Willa Cather

Willa Cather, Novelist, Pulitzer Prize Winner

Willa Cather, Novelist, Pulitzer Prize Winner

Wilella Sibert Cather was born on December 7, 1873, and spent her early years on her maternal grandmother’s farm in the Back Creek Valley near Winchester, Virginia.  The Cathers moved to Nebraska in 1883, when she was nine years old.  At first, her father tried his hand at farming before moving the family into the town of Red Cloud, where he opened a real estate and insurance business.

As a student at the University of Nebraska in the early 1890s, Cather had planned to major in science and to become a physician.  However, after her essay on Thomas Carlyle was published in the Nebraska State Journal during her freshman year, she changed her major and graduated in 1894 with a B.A. in English.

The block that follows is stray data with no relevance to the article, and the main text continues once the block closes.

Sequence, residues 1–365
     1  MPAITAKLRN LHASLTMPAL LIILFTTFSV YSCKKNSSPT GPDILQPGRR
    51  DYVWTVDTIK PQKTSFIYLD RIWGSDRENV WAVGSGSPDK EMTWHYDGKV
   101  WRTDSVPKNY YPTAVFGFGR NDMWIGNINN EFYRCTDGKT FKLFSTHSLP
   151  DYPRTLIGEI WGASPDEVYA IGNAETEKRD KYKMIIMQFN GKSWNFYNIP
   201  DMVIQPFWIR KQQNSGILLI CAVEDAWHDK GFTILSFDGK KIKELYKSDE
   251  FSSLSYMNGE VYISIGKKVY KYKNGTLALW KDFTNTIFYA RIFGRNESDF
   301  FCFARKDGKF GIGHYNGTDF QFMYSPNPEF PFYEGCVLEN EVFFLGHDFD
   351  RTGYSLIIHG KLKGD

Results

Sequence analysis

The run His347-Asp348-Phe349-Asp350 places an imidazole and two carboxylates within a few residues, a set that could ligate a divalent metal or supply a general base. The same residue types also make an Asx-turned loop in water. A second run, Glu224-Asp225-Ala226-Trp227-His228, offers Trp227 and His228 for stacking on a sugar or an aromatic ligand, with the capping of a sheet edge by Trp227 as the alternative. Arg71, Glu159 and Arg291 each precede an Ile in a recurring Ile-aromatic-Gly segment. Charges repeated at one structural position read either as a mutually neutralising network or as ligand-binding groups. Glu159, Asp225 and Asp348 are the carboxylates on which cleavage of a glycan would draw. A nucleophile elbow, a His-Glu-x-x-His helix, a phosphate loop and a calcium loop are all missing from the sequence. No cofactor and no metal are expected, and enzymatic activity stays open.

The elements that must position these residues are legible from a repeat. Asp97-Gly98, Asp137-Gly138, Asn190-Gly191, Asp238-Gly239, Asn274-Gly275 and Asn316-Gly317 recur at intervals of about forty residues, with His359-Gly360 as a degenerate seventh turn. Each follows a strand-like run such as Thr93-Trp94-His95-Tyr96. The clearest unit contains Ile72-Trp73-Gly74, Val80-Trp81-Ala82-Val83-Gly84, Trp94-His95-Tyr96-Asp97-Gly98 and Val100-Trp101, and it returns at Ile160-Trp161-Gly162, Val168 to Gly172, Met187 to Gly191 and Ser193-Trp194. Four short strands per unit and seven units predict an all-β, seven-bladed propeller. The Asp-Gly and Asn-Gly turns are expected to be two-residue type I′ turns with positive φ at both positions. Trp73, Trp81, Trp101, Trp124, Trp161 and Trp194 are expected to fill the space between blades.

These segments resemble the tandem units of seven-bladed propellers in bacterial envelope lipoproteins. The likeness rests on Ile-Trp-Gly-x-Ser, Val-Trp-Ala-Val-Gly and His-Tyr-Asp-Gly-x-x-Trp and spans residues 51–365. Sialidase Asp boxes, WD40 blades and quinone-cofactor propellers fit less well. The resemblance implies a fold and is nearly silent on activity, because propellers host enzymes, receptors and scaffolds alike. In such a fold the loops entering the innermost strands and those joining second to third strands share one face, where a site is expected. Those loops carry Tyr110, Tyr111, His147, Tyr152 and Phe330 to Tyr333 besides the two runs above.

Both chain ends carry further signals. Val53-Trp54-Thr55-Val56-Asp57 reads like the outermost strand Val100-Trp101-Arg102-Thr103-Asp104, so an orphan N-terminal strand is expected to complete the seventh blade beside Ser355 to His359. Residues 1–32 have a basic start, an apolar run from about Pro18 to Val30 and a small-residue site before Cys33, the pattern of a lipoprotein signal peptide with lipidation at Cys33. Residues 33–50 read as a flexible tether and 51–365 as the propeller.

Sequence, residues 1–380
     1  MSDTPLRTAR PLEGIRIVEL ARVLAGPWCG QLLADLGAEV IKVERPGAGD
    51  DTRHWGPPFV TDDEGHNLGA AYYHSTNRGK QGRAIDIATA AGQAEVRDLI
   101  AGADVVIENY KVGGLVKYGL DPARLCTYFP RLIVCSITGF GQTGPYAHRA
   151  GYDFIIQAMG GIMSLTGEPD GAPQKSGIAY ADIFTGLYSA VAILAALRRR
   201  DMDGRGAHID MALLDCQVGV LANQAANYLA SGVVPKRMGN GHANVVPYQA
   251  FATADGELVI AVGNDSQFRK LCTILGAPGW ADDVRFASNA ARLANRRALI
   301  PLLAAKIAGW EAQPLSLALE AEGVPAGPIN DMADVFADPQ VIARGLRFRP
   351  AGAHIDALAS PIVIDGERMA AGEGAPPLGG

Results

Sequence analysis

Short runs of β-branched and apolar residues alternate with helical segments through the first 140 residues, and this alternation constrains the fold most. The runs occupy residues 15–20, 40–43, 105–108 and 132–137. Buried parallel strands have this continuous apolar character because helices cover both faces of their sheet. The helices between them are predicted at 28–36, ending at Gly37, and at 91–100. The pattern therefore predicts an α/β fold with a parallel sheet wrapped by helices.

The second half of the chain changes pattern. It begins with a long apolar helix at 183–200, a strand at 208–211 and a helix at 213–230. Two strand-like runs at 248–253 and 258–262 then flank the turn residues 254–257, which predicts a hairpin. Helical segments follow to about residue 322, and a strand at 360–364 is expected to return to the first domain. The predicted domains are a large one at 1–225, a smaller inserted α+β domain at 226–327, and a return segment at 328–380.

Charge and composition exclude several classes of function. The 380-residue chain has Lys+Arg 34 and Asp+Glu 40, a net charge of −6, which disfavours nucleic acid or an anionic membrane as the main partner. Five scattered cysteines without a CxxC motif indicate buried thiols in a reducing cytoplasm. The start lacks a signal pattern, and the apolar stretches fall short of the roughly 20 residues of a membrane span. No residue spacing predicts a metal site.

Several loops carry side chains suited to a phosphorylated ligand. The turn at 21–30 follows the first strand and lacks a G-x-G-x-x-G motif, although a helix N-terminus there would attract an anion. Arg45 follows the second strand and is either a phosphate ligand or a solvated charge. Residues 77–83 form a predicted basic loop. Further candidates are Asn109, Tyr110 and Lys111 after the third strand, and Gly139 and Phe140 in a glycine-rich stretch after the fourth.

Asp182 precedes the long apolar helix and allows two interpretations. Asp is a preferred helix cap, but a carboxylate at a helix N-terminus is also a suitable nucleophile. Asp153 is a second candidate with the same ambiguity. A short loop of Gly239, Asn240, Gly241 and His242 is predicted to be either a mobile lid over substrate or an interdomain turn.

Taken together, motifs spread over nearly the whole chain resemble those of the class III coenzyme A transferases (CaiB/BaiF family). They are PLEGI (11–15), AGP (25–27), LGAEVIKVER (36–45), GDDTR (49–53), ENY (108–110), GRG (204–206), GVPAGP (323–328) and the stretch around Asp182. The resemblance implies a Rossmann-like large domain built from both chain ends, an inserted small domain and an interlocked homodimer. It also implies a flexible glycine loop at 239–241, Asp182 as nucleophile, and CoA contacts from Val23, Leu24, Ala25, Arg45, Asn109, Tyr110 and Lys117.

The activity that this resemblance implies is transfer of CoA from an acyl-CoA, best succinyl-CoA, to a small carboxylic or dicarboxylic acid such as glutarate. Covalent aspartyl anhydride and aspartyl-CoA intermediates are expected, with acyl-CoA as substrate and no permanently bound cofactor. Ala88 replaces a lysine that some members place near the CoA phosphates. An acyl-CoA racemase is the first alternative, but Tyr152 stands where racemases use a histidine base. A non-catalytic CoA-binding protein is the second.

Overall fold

Cather is best known for her works depicting frontier life, most notably her Great Plains trilogy which includes the novels O Pioneers! (1913), My Ántonia (1915), and The Song of the Lark (1918).  In 1923, Cather received the Pulitzer Prize for One of Ours (1922), a novel set during World War I.

After college, Cather made her home in Pittsburgh for ten years, then moved to New York, where she lived the rest of her life.  On April 24, 1947, Cather died of a cerebral hemorrhage at the age of 73.

Visit the Willa Cather Foundation website.